CBIG partners detain 12 Dominicans interdicted at sea

SAN JUAN, Puerto Rico – Caribbean Border Interagency Group law enforcement authorities detained 12 Dominican migrants Tuesday, following an at-sea interdiction Monday.

Criminal Division Chief José Ruiz Santiago and Assistant U.S. Attorney Evelyn Canals from the U.S. Attorney’s Office in Puerto Rico accepted to prosecute the Dominicans for attempting to enter illegally into the United States or a U.S. Territory.

The crew of a U.S. Customs and Border Protection DASH-8 aircraft located the migrants Monday night traveling illegally from the Dominican Republic to Puerto Rico aboard a grossly overloaded 25-foot wooden yola (boat).

The crew of the Coast Guard Cutter Matinicus on patrol in the Mona Passage diverted and interdicted the migrant vessel. They Matinicus’ crew safely embarked the 11 men and one woman from the yola and collected the migrants biographic information, including digital fingerprints and facial photographs.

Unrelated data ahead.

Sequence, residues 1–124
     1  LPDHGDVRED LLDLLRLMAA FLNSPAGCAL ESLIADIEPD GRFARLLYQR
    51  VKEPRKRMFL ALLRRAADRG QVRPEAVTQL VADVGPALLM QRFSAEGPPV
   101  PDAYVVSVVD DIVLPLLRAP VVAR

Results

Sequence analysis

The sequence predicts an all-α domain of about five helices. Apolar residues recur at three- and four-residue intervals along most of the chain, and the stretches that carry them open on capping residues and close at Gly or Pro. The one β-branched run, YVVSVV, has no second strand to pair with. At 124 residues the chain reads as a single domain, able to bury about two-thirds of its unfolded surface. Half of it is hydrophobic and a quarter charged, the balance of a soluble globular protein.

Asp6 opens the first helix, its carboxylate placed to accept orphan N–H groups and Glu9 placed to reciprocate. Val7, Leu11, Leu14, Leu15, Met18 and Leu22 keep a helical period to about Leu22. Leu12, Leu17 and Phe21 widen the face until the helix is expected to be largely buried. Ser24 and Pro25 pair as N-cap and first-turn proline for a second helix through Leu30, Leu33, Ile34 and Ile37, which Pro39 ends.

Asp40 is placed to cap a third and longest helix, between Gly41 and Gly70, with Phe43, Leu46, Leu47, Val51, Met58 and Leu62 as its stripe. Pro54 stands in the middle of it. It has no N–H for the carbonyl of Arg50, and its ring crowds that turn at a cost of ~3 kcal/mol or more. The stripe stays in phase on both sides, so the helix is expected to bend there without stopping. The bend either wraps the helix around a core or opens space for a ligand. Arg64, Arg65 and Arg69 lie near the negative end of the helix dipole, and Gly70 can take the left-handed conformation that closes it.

The Matinicus later rendezvoused with awaiting Border Patrol agents in Añasco, Puerto Rico, who conducted migrant interviews onboard the Matinicus and took custody of the Dominicans Tuesday afternoon.

Coast Guard Cutter Matinicus is a 110-foot patrol boat home ported in San Juan, Puerto Rico.

The concept of CBIG resulted from a March 2006 collaboration of local Homeland Security components that effectively stemmed the increased flow of traffic across the Mona Passage between the Dominican Republic and Puerto Rico. In July 2006, CBIG was formally created to unify efforts of the U.S. Customs and Border Protection’s Office of Air & Marine (A&M), Office of Field Operations (OFO), and Office of Border Patrol (OBP), the U.S. Coast Guard (USCG), Immigration and Customs Enforcement (ICE) the United States Attorney ‘ s Office, District of Puerto Rico, and Puerto Rico Police Joint Forces of Rapid action (FURA) in their common goal of securing Puerto Rico and the U.S. Virgin Islands against illegal maritime traffic and gaining control of our nation’s Caribbean borders.

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